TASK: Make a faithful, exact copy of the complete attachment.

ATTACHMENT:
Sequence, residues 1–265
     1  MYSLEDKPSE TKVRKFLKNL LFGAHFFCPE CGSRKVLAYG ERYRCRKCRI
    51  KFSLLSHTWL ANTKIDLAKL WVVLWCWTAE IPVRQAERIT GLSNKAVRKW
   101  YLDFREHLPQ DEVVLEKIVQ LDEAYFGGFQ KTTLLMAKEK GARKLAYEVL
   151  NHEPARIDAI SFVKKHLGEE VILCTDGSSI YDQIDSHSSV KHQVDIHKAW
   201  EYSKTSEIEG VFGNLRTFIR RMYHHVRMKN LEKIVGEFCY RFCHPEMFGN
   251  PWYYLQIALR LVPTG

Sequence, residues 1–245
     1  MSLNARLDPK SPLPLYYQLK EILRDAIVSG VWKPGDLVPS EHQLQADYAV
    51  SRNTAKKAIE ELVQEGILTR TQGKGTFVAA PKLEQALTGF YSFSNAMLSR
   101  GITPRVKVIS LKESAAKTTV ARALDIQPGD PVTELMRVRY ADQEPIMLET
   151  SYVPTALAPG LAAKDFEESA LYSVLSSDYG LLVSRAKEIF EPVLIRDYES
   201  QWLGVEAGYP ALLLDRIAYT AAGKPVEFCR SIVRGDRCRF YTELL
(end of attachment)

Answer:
Sequence, residues 1–265
     1  MYSLEDKPSE TKVRKFLKNL LFGAHFFCPE CGSRKVLAYG ERYRCRKCRI
    51  KFSLLSHTWL ANTKIDLAKL WVVLWCWTAE IPVRQAERIT GLSNKAVRKW
   101  YLDFREHLPQ DEVVLEKIVQ LDEAYFGGFQ KTTLLMAKEK GARKLAYEVL
   151  NHEPARIDAI SFVKKHLGEE VILCTDGSSI YDQIDSHSSV KHQVDIHKAW
   201  EYSKTSEIEG VFGNLRTFIR RMYHHVRMKN LEKIVGEFCY RFCHPEMFGN
   251  PWYYLQIALR LVPTG

Sequence, residues 1–245
     1  MSLNARLDPK SPLPLYYQLK EILRDAIVSG VWKPGDLVPS EHQLQADYAV
    51  SRNTAKKAIE ELVQEGILTR TQGKGTFVAA PKLEQALTGF YSFSNAMLSR
   101  GITPRVKVIS LKESAAKTTV ARALDIQPGD PVTELMRVRY ADQEPIMLET
   151  SYVPTALAPG LAAKDFEESA LYSVLSSDYG LLVSRAKEIF EPVLIRDYES
   201  QWLGVEAGYP ALLLDRIAYT AAGKPVEFCR SIVRGDRCRF YTELL